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January 14, 2011     Post-Gazette
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January 14, 2011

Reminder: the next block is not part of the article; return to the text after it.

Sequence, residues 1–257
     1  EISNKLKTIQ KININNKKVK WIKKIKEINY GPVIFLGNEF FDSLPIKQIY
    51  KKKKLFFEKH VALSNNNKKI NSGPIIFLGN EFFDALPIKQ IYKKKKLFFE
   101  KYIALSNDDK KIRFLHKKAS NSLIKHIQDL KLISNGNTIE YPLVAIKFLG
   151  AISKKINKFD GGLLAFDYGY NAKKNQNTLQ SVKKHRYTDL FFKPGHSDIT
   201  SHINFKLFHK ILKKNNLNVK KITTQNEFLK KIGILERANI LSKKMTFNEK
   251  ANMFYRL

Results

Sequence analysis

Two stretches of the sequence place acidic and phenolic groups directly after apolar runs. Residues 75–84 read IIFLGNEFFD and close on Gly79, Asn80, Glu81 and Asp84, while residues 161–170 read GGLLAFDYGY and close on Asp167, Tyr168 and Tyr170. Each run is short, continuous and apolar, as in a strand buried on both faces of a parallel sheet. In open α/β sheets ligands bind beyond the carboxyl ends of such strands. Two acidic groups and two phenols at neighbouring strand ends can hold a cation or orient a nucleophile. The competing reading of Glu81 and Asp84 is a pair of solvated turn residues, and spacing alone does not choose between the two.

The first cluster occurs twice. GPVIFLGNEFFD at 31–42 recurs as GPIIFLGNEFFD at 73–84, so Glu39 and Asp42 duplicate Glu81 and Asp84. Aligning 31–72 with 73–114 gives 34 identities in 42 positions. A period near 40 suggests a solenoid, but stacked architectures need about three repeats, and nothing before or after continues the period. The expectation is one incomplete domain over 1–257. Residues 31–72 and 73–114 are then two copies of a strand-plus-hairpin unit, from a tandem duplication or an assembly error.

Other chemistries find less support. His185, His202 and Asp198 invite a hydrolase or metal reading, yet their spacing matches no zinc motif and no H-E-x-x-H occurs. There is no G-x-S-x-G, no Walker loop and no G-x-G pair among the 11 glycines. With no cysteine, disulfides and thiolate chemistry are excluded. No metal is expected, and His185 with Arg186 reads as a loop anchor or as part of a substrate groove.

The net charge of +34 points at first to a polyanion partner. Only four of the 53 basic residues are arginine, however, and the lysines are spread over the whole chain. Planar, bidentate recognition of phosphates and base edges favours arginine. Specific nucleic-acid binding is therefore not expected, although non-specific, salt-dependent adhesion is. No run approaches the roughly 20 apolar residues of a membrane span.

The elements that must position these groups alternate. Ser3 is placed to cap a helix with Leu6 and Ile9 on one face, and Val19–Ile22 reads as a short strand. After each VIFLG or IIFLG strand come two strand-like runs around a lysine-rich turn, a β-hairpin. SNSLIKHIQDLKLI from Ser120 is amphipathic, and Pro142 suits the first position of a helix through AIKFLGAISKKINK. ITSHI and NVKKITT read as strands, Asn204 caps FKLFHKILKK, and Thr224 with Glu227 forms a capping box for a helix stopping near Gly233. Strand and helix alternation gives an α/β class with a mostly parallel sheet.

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POST-GAZE'I-rE, JANUARY 14, 2011 Page 5 Le "Piccole Italia" in Nord America Crescono Negli Usa, i residenti di origine italiana sono sparsi principalmente negli stati di New York, New Jersey, Pennsylvania, Massachusetts e California. Ma di "Little Italy" ce ne sono molto di pifi, 28 in 14 stati. A New York City ce ne sono tre: una a sud di Manhattan, la "Piccola Italia" originale, ma ehe ora 6 principalmente cinese, Arthur Avenue, nel Bronx, che ha preso l'eredit~ come zona autentica Italiana, e Bensonhurst a Brooklyn. La "Little Italy" di Manhattan si svilupp6 nel 1926 con l'arrivo di immigranti napoletani (ed ecco la Festa di San Gennaro a settembre che dura ben 11 giorni), fa perno su Mulberry Street e si prende quattro isolati, dove sono ora rimasti solamente 10 ristoranti italiani. La "Little Italy" di Arthur Avenue, famosa per il suo Ferragosto, in- clude 24 ristoranti italiani, diversi negozi di generi alimentari, alcuni bar e negozi di souvenir e di apparecchi come macchine per il caff6 espresso. Si trova in una sezione del Bronx conosciuta come Belmont, un'area che ospita anche il Giardino Botanico, lo Zoo e l'universit Fordham. Quella di Brooklyn ~ molto pifi piccola ed 6 famosa per il suo collegamento con John Gotti, boss della famiglia Gambino. Nello stato di New York ci sono "Little Italy" anche a Buffalo, Niagara Falls, Schenectady e Syracuse. Di "Little Italy" in Connecticut ve ne sono quattro: a Bridgeport, Waterbury, Hartford e New Haven, la principale. Quest'ultima si trova a Wooster Street ed include 10 ristoranti italiani. In Pennsylvania vi sono tre "Little Italy": a Altoona, Connellsville e Filadelfia. Qui la "Piccola Italia" si trova a sud della citt~ (South Phflly) e occupa 10 isolati intorno alia Nona Strada (9th Street). Nata nel 1884 la "Little Italy" di Philadelfia ha avuto residenti come Mario Lanza, Frankie Avalon, A1 Martino ("I1 Padrino") e Sylvester Stallone. La California conta due "Little Italy": una a San Francisco a North Beach, e l'altra a San Diego. Quest'ultima, in esistenza dal 1920 6 oggi curata da un'associazione e conta 45 ristoranti italiani contenuti tra Laurel Street a nord e West Broadway a sud. La "Little Italy" di San Francisco ~ stata fondata dopo il terremoto del 1906, ruota intorno a Boston's North End Broadway e confina con la locale Chinatown. II Massachusetts ha pure due "Little Italy": a Springfield e a Boston dove e situata al North End della citt~. Nata con il caff6 "Vittoria" nel 1929, il North End conta oggi 44.000 residenti di origini italiane. Due "Little Italy" sono anche in Ohio: A Youngstown ed a Cleveland. Poi, una nel Maryland, a Baltimore; una nel Delaware, a Wilmington; nel Nebraska, ad Omaha; nel New Jersey, a Paterson, e nell'lllinois, a Chicago. Quest'ultima non ha una vera "Little Italy", ma 12 aree ad alta concentra- zione di italo-americani, principalmente: Grand Avenue (tra Aberdeen e May Street), Lower West Side (24 Street e Oakley) e lungo North Harlem Avenue. Anche St. Louis in Missouri ha una sua "Little Italy" nella zona chiamata "The Hill" ed ha 13 ristoranti con nomi come "Guido", Lorenzo" e "Dominic's". Una "Little Italy" c'e anche a Providence, nel piccolo stato di Rhode Island e fa perno intorno a Atwells Avenue. Di "Piccole Italia" se ne incontrano anche in posti come New Orleans, in Loui- siana, proprio nel cuore del Quartiere Francese. Infatti il rinomato ristorante "Antoine's" fu aperto da Antonio Alciatore, un italiano proveniente dalla Francia. A sud del Quartiere Francese poi Piazza d'Italia. I~ intercssante notare anche che alcune grandi citt~ americane con sedi di consolati italiani (come Detroit, Houston, Miami e Los Angeles) non hanno una "Little Italy." Taken from L'Italo Americano of Italy Italian classes offered by the Burlington Sons of Italy Lodge #2223 will resume on Wednesday and Thursday, January 26 and 27, 2011 for a ten week course. The classes are offered to all present students and to any- one who is interested in acquiring profi- ciency with the language or learning about the country of Italy. The classes, in addi- tion to the language, will explore the cul- ture, the terrain, the people and the culi- nary arts of Italy. Beginner 1 & 2 classes and Intermediate 1 & 2 classes will meet on Wednesday eve- nings at St. Margaret's School on Winn Street in Burlington. The Advanced class will meet on Thursday evenings in Stoneham at the home of the instructor. Registrations will take place on Wednes- day, January 19 from 6:30 to 7:30 P.M. at St. Margaret's School. For additional information, please contact Phil DAlleva, Director of the program, at 781- 272-4305 or e-mail at dalleva@comcast.net. JANUARY 2011 SCHEDULE Beginner 1 Classes - 6:00-7:30 pm- Wednesday, January 26, 2011 (starting date) Beginner 2 Classes - 7:30-9:00 pm - Wednesday, January 26, 2011 (starting date) Intermediate 1 Classes - 7:30-9:00 pm - Wednesday, January 26, 2011 (starting date) Intermediate 2 Classes - 6:00-7:30 pm - Wednesday, January 26, 2011 (starting date) Advanced Class - 6:30-8:00 pm - Thurs- day, January 27, 2011 (starting date) This class is only for intermediate advanced students. In the event of a snowstorm, classes will be canceled and rescheduled at the end of the course. Should this happen, you will be notified by telephone. If you are unable to register in person on Wednesday, January 19, please complete #2223 the Registration Form located on the Sons of Italy's web site and mail it with your check made out to the Burlington Sons of Italy Lodge #2223 to Phil DAlleva, 15 Edgemere Avenue, Burlington,. MA 01803. The web site ID: www.burlingtonsonsofitaly.org No registration will be accepted after Monday, January 24, 2011. Be sure to register early as space is at a premit{m. Our teachers, Thomas and Antoinette Stuto of Stoneham, have been teaching Adult Education Italian to the local communities for many years. Antoinette also teaches Ital- ian to our students in the Burlington Public School System and has been part of a team of teachers that travel with their students to Italy every year. The Order of the Sons of Italy Burlington Lodge #2223 has been offering the Italian language classes for over ten years and the program is one of the lodge's proudest achievements. The ongoing goal of the Lodge is to teach Italian to interested members of the community. This goal is a *work-in- progress" in which many people over the years have been introduced and educated in the Italian language. Many students have completed the entire course and have returned year after year to keep up with their conversational skills. Whatever the reason, learning a new lan- guage and culture can be a rich, rewarding and enjoyable experience. For specific information about class con- tent please call our teacher, Thomas Stuto at 781-438-6720. Don't forget to mail that registration form in early to reserve your place, if you are unable to register in person on Wednesday, January 19, 2010. Stay updated by visiting the Lodge's website: www.burlingtonsonsofitaly.org. You Remember? ... JAMES MICHAEL CURLEY I i Z After three terms as Mayor of!Boston (1914-18, 1922- 26, and 1930-34), James Michael Curley was elected Governor. The effects of the Gr~at Depression continued to dominate the Governor's agenda. Governor Curley ac- celerated the investment of millions"" of federal and state dollars in public works projects and induced regulated indnstrics, such as banks and ufilltles to lower rates. He ] advocated conservation projects, a forty-eight hour work week, and improved old age pension laws. Governor Curley declined to run for re-el~ction in favor of running, ! for a seat in the U.S. Senate. Curley's Senate campaign ] _ un ucce f nd ~er a~ed. yo~ c mpai,n 11 he returned to Congress (1943-1945), and then again to the Mayor's office (1945-1959)i i (Photo courtesy of Pat.Barrasso, circa 1926) RISTORANTE & BAR Traditional Italian Cuisine Donato Frattaroli 4 ] 5 Hanover Street, BOston, MA 02113 617.367.2353 --- Open for Lunch and Dinner Daily -- Private dining rooms for any occasion donato@luciaboston.com www.luciaboston.com